Connect to Protect: Wounded Warrior shares personal story of suicidal thoughts, recovery

  • Published
  • By Lauren Russell
  • 66th Air Base Group Public Affairs

HANSCOM AIR FORCE BASE, Mass. – A guest speaker shared his personal battle with suicidal thoughts and how he was able to overcome it through connectedness during a virtual event here Sept. 22

Retired Senior Master Sgt. Kevin Wallace, a Wounded Warrior, embedded with U.S. Army and Marine Corps units throughout his 20-year career. He was addicted to the adrenaline of combat and the comradery of those he served with.

“It was never a question of if they had my back; I always knew they did,” said Wallace. “Proving that I had theirs, too, meant everything to me.”

Hanscom hosted a virtual Storytellers event Sept. 22 during Suicide Prevention Month.

Hanscom senior leaders named suicide prevention as a top priority and emphasized the importance of being socially connected as a community as a means to combat suicide. The 2020 theme for the Air Force observance is “Connect to Protect.”

“We must rededicate ourselves to actively working every day to fulfill our collective responsibility to watch out for each other and take care of each other,” said Col. Katrina Stephens, installation commander, in a video message to the base.

Despite his continual exposure to war, Wallace refused to acknowledge his post-traumatic stress. After returning home, his anger and resentment for those who couldn’t understand his traumas grew into a darkness that engulfed his whole life.  

”I whole-heartedly believe that we were over there fighting to rid the world of monsters, but I didn’t realize that I had become a monster myself,” he said. “I brought it into my living room and exposed my wife and children to it.”

In his darkest time, Wallace was ready to end his life. On his way home from a shooting range, he pulled off into the woods outside of Fort Belvoir, Virginia.

“I was ready to leave,” he said.

It was in the woods that Wallace realized something: ending his pain would only amplify it for his family. He thought about his wife and their children, and his wingmen and battle buddies he would leave behind. After that day, he started his next battle, one of recovery.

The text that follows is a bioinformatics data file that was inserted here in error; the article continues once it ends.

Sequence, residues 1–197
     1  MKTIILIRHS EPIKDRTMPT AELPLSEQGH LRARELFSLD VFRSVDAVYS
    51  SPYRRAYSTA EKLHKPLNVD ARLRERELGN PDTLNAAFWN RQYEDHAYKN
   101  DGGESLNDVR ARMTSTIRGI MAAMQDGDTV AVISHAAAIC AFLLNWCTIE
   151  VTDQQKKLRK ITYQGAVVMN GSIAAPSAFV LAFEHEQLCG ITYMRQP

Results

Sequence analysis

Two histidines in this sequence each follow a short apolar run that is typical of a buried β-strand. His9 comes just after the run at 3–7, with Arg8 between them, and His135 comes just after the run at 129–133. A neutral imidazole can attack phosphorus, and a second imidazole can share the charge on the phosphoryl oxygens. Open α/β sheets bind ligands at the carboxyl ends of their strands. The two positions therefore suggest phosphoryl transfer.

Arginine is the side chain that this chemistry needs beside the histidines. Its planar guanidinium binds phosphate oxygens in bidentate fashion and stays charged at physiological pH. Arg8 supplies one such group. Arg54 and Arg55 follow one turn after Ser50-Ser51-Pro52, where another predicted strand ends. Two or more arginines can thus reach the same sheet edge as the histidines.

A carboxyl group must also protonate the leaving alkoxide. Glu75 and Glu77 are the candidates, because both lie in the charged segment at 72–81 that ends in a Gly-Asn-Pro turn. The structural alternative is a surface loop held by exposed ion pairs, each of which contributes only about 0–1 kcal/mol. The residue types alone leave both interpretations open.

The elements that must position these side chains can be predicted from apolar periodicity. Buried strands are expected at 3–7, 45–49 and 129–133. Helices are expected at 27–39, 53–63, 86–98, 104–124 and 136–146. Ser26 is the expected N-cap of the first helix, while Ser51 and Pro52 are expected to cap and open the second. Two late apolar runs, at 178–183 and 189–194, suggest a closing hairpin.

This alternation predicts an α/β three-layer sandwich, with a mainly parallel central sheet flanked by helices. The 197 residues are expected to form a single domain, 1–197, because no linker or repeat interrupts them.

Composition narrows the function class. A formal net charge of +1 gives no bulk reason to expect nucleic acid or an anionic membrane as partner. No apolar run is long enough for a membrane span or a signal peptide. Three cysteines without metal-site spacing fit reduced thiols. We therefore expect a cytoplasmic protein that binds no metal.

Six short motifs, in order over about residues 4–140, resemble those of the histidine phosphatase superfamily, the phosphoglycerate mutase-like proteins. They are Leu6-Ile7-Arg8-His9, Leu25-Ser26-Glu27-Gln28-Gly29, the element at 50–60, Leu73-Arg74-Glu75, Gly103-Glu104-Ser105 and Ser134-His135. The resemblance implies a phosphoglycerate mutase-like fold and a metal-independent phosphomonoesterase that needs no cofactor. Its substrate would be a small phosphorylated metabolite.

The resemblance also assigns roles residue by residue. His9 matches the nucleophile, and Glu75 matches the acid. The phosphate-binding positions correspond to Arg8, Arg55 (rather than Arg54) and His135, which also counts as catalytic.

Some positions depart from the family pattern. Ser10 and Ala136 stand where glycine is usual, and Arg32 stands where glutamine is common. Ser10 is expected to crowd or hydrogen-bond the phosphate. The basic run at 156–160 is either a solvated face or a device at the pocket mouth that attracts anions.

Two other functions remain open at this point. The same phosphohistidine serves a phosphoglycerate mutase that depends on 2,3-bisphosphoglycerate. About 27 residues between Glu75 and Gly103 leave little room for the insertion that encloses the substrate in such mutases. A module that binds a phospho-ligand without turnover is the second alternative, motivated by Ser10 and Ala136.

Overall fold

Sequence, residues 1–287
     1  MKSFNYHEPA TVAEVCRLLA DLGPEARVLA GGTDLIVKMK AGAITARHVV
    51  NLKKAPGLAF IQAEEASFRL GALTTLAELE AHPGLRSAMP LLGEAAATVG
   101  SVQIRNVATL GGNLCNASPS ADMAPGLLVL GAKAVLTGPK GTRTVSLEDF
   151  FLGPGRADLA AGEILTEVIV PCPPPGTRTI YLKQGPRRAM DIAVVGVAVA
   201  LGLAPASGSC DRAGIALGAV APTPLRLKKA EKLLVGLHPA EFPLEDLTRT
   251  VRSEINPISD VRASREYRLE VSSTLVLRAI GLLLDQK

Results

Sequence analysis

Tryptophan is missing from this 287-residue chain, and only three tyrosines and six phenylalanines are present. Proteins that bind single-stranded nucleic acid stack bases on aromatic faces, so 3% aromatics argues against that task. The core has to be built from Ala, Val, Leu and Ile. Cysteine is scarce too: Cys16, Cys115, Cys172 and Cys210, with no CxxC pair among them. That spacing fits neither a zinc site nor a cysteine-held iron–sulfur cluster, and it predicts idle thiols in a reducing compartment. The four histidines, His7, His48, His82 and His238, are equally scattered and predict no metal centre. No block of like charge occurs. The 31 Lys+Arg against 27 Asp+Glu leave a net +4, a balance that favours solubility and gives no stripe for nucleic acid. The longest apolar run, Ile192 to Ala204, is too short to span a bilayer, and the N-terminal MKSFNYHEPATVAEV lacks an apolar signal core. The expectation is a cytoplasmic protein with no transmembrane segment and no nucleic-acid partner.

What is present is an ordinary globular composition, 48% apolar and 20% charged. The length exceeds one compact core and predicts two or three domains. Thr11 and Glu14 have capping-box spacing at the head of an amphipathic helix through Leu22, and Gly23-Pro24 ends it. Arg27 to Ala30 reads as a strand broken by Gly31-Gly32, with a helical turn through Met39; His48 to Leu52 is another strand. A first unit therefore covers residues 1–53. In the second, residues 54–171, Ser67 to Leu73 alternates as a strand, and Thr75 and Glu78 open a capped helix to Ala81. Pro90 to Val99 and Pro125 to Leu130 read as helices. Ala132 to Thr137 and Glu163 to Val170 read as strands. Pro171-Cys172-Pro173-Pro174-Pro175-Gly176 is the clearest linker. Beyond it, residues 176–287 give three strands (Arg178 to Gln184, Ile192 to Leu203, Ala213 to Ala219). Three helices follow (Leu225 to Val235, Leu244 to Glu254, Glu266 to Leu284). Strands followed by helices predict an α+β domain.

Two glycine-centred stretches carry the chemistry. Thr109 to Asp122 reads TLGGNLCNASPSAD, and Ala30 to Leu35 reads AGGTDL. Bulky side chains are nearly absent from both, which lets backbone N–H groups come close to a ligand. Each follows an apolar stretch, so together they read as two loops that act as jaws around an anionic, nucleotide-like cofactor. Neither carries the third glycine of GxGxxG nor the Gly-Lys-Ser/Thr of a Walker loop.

Wallace described self-awareness, connectedness, self-care, and care of others as his key pillars of recovery.

“You have to be self-aware and know yourself well enough to know when something is off,” he said. “Then, you have to get yourself help.”

Wallace said he found help in “finding his tribe,” support groups for veterans who share his passion of art and scuba diving.

“It’s imperative that you find a place where you belong,” he said. “Discover what it is that you’re passionate about, and just do it.”

In sharing his experiences, Wallace acknowledged that his story is his own, and there is no set criteria for trauma.

“This isn’t just a combat thing; trauma doesn’t use a measuring stick,” he said. “What you’re going through is important and it matters.”

In the virtual and self-isolated space of COVID-19, he emphasized how much more important it is now than ever that people check on their friends and loved ones. 

“It can be really hard to reach out to people when we’re going through our own things, but it’s so important that we do,” said Wallace. “I hope your friends are checking on you, and I really hope you’re checking on them too.”